“Peer Work in Australia: A new future for mental health” book launched

book launch.jpgAbove: Hon Greg Hunt, Minister for Health at the launch as Anthony Stratford and Fay Jackson look on. PHOTO COURTESY OF JANET MEAGHER AM

The best way to understand the future, they say, is to understand the past. When you read through the 350 page book Peer Work in Australia, you will realise that the development of peer work has been a tough struggle. Having passed successfully through many trials, peer work is now in a strong position for the future. 

At every turn in its development there were obstacles. The traditional view of people with mental health issues has been centred on weaknesses, vulnerabilities and inadequacies, and maybe some of those opposed to the rise of peer work thought that such people would just drop the idea. 

Some people in the mental health sector even saw peer work as a kind of threat. But the people who championed this approach (‘Legends’ as pioneering peer worker Lilly Wu described them) would not be deterred. So today, having a growing peer workforce is something to boast about- it is a selling point. It has become the future of Mental Health Services. 

‘Peer Work in Australia’ is a new book edited by people from both Mind and Flourish Australia. It was the brainchild of former Flourish Australia General Manager Janet Meagher AM and former Mind CEO Dr Gerry Naughton.  The book was launched in Canberra on 12 September 2018 by the Hon Greg Hunt MP, Minister for Health.

“The book is the culmination of months of amazing work’ said Flourish Australia CEO Mark Orr, “undertaken by an Editorial Working Group made up of Janet Meagher AM, with Anthony Stratford and Erandathie Jayakody from Mind Australia; and Fay Jackson, Tim Fong and Kim Jones from Flourish Australia. The group provided leadership and guidance for this project, as well as contributions to the book, on top of their day to day work.”

It contains a very ‘eclectic diversity of voices’ Mark says. The book is a great contribution to our reputation in the mental health sector.

The first three sections look at the overall scope of peer work in Australia with overviews of how peer work has changed the culture of Mind Australia and Flourish Australia.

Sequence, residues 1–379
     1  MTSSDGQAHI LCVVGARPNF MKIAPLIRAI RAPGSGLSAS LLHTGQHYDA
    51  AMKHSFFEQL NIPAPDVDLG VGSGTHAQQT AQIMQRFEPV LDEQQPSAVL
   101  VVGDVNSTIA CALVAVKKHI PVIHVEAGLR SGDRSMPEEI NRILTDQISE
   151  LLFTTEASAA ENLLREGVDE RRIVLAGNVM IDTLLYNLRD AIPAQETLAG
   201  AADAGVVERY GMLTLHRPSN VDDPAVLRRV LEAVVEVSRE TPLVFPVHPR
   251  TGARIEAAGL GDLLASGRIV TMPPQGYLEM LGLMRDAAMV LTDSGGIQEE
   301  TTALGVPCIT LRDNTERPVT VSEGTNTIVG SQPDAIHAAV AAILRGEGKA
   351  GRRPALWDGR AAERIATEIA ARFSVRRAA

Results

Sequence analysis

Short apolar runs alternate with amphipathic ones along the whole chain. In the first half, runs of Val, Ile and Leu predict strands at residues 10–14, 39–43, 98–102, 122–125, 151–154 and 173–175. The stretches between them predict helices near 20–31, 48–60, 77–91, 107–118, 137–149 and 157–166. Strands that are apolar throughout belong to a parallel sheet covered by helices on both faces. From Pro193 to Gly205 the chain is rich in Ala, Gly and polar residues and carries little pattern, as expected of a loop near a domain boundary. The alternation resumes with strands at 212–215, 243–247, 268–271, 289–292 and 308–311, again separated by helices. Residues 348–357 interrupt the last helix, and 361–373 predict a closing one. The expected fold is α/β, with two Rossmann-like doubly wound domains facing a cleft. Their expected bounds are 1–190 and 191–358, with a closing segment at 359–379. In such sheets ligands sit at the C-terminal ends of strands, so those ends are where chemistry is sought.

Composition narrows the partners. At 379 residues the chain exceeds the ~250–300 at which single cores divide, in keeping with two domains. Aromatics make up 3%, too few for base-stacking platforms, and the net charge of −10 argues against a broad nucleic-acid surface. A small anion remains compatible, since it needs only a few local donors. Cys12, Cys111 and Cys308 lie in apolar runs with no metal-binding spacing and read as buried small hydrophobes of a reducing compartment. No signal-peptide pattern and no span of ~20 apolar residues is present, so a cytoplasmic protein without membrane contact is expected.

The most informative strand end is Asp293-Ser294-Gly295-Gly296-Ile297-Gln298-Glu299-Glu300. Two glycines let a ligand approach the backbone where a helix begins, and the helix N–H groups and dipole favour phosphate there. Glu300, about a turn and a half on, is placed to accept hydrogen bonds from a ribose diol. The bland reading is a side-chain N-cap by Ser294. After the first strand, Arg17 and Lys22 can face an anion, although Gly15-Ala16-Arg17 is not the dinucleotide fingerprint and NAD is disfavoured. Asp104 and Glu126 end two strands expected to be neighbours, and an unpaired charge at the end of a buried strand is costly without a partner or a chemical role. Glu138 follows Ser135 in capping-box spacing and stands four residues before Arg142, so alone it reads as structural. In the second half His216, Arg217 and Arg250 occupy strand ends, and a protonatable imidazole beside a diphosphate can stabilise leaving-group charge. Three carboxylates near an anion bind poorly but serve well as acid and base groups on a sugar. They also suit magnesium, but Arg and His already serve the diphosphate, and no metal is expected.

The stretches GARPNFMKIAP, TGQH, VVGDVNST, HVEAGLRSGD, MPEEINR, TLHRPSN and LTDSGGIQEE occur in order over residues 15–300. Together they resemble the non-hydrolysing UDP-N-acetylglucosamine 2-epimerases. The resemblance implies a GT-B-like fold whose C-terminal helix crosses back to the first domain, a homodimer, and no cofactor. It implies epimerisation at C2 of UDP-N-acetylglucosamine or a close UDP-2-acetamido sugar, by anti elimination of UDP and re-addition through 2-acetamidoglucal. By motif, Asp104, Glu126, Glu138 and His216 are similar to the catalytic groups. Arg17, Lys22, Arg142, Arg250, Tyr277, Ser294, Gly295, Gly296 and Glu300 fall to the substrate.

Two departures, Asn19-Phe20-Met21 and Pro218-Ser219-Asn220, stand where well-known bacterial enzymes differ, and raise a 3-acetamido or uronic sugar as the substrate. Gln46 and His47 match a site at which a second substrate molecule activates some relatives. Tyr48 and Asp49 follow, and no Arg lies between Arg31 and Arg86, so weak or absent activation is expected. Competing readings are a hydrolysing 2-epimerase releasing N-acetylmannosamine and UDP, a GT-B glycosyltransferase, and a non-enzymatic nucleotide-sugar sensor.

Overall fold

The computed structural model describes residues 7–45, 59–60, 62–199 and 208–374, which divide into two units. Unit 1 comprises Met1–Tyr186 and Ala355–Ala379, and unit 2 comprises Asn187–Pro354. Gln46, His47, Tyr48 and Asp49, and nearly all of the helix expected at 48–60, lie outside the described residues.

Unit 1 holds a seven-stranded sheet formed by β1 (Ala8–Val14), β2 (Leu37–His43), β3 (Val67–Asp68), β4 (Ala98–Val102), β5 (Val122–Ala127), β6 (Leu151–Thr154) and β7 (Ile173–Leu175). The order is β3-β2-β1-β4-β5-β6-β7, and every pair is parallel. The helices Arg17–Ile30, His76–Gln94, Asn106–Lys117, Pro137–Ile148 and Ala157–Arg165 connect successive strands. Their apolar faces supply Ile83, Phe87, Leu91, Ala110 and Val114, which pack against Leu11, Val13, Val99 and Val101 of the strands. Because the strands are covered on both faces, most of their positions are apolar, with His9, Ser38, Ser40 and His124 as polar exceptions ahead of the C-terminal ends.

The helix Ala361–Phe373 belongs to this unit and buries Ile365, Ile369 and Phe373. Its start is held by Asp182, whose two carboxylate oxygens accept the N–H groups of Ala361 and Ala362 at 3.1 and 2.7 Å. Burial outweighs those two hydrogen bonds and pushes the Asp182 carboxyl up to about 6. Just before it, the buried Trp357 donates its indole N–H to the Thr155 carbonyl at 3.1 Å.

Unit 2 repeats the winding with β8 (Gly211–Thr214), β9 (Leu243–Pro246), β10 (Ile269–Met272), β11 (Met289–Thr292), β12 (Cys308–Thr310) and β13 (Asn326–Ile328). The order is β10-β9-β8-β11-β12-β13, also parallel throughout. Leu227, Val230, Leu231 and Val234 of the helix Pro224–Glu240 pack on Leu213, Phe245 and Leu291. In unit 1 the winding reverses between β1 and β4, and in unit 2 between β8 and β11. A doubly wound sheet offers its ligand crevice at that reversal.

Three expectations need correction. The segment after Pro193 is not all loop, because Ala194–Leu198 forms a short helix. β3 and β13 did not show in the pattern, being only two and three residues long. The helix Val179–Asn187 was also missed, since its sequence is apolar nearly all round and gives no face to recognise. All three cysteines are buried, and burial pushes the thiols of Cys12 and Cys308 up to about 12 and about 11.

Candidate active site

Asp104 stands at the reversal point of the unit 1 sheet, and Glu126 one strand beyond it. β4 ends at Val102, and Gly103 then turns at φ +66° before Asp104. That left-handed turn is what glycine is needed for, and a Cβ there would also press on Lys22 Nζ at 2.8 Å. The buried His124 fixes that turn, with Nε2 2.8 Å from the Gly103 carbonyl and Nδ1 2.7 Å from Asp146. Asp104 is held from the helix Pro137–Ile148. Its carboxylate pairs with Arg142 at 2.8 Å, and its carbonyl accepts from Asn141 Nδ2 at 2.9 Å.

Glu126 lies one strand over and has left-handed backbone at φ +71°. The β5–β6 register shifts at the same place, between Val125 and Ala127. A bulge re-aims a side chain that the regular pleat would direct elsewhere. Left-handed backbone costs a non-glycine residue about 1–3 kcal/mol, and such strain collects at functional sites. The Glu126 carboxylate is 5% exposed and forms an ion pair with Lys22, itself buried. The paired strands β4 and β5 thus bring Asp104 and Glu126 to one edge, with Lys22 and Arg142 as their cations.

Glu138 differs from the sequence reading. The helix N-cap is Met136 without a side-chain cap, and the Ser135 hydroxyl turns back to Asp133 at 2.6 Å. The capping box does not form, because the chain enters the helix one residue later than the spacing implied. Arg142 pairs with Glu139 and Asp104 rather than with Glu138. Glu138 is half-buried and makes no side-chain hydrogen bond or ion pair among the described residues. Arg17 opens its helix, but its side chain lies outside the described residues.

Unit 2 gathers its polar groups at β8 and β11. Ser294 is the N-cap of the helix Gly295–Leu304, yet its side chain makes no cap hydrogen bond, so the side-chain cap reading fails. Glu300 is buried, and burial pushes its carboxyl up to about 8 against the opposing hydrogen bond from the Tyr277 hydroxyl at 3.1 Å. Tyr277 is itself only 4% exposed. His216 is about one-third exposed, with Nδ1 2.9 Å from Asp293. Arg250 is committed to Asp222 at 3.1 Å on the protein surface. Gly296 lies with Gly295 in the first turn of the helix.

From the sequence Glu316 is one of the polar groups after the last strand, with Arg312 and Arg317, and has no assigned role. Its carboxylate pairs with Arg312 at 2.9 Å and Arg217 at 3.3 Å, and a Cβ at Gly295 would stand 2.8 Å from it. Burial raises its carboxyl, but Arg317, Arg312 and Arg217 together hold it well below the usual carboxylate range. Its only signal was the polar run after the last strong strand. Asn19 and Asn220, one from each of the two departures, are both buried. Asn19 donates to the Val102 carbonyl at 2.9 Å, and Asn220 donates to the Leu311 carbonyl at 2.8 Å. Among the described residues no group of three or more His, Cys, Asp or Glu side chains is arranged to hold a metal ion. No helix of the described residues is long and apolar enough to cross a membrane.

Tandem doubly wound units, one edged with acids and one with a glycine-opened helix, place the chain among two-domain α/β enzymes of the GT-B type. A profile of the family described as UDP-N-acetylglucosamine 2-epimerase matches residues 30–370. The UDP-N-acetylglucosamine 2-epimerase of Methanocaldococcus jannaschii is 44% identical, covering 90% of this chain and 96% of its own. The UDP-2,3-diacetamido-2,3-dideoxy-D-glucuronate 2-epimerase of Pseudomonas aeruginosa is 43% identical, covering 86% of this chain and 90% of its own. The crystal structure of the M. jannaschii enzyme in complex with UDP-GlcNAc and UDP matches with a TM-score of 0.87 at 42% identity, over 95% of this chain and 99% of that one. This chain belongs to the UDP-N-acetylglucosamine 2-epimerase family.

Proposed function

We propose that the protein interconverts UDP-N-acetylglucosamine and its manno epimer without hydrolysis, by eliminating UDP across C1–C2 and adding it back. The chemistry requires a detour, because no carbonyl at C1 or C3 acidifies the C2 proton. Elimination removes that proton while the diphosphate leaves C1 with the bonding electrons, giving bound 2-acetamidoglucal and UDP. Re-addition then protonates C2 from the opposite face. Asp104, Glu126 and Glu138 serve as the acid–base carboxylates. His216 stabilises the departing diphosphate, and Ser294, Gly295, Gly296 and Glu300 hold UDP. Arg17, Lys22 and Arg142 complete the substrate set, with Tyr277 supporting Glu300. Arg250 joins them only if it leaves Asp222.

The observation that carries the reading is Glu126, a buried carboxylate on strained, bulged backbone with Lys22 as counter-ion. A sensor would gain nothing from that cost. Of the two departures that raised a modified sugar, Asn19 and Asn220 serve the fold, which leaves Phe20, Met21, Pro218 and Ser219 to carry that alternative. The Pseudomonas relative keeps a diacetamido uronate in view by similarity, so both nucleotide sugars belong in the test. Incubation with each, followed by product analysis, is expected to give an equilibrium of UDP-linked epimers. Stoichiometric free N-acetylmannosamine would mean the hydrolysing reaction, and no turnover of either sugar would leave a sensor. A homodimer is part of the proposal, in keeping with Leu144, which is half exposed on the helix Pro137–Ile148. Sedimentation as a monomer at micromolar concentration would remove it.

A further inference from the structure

There follows a review of the experience in four states and territories. Section five has three chapters on values and peer work (there’s even a chapter on Peer Work and climate change, by Tim Heffernan!). 

Section 6 looks at the specialised developments within peer work, like ‘peer supervision,’ youth peer work. Also in this section Michael Burge discusses the shaping of a national qualification for peer workers. Flick Grey tells the story of the ‘roller coaster ride’ of Intentional Peer Support. 

The seventh and final chapter ‘A force for change’ looks into the future. Its two chapters relate to the peer worker workshop reported in June 2018 Panorama (Heggarty, 2018). On 23 March 2018,  41 peers gathered to thrash out the question of the future of peer work in Australia. Leanne Craze and David Plant distilled the proceedings into their final chapter, “A force for change” (Craze & Plant, 2018) .

All of the authors and editors are people who have personally taken part in the story they tell. This is what we call being experts by way of experience. 

You can buy a copy of the book here:



Craze, L., & Plant, D. (2018). A force for change. In J. Meagher, A. Stratford, F. Jackson, E. Jayakody, & T. Fong, Peer Work in Australia: A new future for mental health (pp. 297-332). Sydney : RichmondPRA and Mind Australia.

Heggarty, W. (2018, June). Lived Experience has come a long way. Panorama, p. 51.

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